After putting up 40 points in its season-opener against South Florida, Alabama's offense only scored 13, 27 and 16 points in its next three games. The Tide is averaging 24 points per game, ninth best in the SEC.
Shula acknowledged some growing pains on offense. "We're not going to use any excuses, but (the offense) is a work in progress. The biggest thing is just consistency. (Saturday) night, because of field position, that hurts us."
In a ball-possession game, the Tide out-gained NIU 394 yards to 267, but Bama's 16 points weren't good enough to win. If he has any concerns about Bama's play-calling, Shula knows where to look. The former NFL offensive coordinator and quarterbacks coach handles that duty himself.
Shula talked about the job. "It's something you look at. When you lose, you're always going to think about how you could call the game better next week. Sometimes that's sticking with the run a little more or maybe the opposite."
"You want to get into a rhythm and make sure you're putting guys in the best situation and not in difficult situations," he continued. "As a play-caller, that's the biggest thing. If you're asking guys to do things they can't do, then you need to look at other things. But I don't think that has been the case."
Shula believes the schemes are sound. It's up to the coaches and players to see that they're executed on the field. "We just need to keep coaching them up," he said. "Making first downs and staying on the field. If that happens, we're usually putting points on the board."
Alabama got outplayed on special teams in its most recent game. In the second half of last Saturday's 19-16 loss, Bama's average starting position was its own 19-yardline. "We played on a longer field (against NIU)," Shula said. "As a team we've got to create better field position. If not, we've got to sustain drives longer. Put the ball in the endzone and get touchdowns and not field goals."
Unlike many Tide opponents, Saturday's foe, Arkansas, actually played a game last week, rather than enjoying an open date to get ready for the Tide. Northern Illinois clearly put its extra time to good use, preparing well for Bama's schemes.
Shula talked about the scheduling advantage. "Maybe so, but (the Huskies) were doing things that we had seen before from other teams. Those are things you've got to get used to doing. If (Arkansas) looks at our tape and see things that were successful (against us), then they'll do some similar things. They'll add things they may not have shown the prior week.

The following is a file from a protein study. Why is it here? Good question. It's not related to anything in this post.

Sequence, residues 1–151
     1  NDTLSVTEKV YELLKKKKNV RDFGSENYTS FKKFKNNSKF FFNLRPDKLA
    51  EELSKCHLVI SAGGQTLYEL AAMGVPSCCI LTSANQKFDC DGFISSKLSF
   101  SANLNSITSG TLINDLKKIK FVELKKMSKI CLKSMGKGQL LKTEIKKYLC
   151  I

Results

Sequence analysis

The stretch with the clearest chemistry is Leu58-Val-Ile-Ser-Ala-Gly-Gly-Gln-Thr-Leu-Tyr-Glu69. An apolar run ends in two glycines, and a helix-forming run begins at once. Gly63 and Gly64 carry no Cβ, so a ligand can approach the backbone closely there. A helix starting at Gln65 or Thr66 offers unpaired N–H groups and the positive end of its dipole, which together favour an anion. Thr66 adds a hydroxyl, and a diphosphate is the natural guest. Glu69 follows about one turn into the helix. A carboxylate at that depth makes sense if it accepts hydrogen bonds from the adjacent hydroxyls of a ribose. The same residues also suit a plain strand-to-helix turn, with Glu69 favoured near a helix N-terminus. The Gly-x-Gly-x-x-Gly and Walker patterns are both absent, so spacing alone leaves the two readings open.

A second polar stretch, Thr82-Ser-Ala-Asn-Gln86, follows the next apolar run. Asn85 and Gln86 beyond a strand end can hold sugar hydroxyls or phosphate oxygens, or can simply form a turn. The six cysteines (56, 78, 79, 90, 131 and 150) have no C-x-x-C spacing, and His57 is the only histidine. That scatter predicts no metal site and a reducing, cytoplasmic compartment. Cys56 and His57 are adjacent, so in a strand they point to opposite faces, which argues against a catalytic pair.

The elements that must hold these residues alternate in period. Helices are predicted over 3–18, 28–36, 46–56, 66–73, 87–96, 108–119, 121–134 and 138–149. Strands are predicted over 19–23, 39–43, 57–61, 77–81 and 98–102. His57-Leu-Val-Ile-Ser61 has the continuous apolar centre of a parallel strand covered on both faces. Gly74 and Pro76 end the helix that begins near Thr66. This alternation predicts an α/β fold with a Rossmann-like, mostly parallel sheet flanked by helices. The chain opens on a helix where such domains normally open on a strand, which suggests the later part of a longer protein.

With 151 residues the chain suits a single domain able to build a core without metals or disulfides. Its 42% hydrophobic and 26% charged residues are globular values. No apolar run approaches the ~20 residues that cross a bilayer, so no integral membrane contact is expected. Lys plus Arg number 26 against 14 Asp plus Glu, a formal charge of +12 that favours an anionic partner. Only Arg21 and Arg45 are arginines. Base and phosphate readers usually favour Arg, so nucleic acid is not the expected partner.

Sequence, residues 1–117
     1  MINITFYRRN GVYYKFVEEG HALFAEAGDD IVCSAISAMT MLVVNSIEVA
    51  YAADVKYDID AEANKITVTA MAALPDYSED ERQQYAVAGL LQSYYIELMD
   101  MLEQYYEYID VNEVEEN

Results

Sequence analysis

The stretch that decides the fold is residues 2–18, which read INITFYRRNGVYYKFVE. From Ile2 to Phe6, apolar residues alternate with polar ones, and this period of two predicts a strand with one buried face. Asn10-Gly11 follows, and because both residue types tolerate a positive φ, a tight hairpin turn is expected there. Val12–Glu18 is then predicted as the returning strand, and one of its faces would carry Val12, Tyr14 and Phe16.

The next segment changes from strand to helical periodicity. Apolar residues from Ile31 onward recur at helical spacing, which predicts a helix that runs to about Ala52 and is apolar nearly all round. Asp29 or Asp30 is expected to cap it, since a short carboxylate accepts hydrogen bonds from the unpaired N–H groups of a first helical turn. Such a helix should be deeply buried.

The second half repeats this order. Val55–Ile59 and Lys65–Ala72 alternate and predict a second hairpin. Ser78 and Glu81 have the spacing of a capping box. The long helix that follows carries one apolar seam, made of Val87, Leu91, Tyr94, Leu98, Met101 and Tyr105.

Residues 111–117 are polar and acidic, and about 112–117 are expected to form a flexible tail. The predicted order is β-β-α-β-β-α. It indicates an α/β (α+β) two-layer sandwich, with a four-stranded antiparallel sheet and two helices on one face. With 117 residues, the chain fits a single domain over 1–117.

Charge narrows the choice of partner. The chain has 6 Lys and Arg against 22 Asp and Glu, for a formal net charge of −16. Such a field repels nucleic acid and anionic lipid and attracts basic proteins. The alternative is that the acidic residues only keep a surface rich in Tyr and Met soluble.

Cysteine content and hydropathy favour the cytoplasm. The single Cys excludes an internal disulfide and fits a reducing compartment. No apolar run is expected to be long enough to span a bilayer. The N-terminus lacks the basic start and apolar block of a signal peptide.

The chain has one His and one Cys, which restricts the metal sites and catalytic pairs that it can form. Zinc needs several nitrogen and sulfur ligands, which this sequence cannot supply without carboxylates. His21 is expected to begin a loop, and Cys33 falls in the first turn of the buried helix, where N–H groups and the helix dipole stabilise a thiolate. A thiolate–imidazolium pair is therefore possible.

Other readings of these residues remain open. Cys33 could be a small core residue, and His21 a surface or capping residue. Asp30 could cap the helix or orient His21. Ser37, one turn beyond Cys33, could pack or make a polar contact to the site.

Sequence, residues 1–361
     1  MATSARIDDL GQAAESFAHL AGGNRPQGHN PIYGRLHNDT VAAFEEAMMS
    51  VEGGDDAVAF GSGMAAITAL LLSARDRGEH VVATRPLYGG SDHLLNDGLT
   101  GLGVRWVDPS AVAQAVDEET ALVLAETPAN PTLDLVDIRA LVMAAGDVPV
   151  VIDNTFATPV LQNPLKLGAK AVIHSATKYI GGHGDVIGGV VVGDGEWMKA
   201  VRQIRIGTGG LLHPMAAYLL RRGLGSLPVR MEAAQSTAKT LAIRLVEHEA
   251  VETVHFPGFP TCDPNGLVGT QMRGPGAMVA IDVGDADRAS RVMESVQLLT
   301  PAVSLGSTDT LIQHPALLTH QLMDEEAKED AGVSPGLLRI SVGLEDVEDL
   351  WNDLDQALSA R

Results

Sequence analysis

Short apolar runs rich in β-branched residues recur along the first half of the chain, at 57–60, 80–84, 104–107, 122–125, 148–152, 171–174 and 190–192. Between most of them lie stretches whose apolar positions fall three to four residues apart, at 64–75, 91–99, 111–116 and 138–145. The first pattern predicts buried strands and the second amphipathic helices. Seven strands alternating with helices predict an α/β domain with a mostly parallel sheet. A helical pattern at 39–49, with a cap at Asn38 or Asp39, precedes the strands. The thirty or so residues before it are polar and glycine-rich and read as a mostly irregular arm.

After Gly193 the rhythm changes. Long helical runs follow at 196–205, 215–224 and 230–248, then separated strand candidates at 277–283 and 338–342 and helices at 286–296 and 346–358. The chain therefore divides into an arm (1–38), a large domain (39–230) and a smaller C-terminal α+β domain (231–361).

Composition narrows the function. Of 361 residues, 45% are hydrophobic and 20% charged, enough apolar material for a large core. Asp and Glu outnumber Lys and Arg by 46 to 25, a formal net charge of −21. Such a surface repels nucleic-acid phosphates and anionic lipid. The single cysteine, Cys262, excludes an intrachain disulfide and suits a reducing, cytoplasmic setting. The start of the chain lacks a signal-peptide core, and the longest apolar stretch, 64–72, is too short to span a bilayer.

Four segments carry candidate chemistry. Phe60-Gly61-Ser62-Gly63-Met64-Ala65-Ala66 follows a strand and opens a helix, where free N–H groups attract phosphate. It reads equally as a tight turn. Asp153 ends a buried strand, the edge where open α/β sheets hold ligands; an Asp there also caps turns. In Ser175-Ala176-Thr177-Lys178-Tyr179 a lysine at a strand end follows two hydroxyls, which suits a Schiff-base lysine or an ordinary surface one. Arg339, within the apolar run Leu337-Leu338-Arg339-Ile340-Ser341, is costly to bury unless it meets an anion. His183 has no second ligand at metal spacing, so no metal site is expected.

"That's why I say we've got to get our own mistakes corrected first, so when we see them again we'll make the right blocks or make the tackle."
Shula acknowledged that he expects the Razorbacks to use run blitzes, which were effective in stopping Alabama last week. But he doesn't see that as anything out of the ordinary.
"I think (loaded fronts) are a trend," he said. "Actually, I think we've handled the blitz. There is much being made about Northern Illinois' run blitzes Saturday night, because we didn't execute; we didn't win the ball game. But we've done a nice job before. Kentucky blitzed us a lot on first and second down, using run blitzes. And we had 266 yards rushing (that game)."
Versus a dangerous team like Arkansas, turnovers will be key. The problem is that so far this season Alabama has forced precious few.
"We just keep preaching it," Shula said. "We don't want our (defensive) guys to lose our characteristics, being aggressive and swarming to the football. We feel like if we continue to get after it up front--put pressure on the passer and swarm the ball--then (turnovers) will work our way.
"We can talk about being conscious of stripping the football, but you don't want guys passing up a tackle to try to strip the football."
Injuries have been a problem for the Tide, but Shula said his team came out of last week's game in decent shape.
"There wasn't anything major," he said. "We've got to take a good look at (left guard) Justin Smiley and (fullback) Le'Ron McClain. We'll wait and see if they practice on Tuesday. My impression now is it will be a game-time decision with both those guys."
The Huskies were tough, and the Razorbacks promise to be even tougher. But Bama's new head coach is still enjoying himself.
When asked about his state of mind, Shula's reply was revealing. "I think about the players and how much they've learned in a short period of time and how much we've asked them to do. Ideally we'd be 4-0 right now."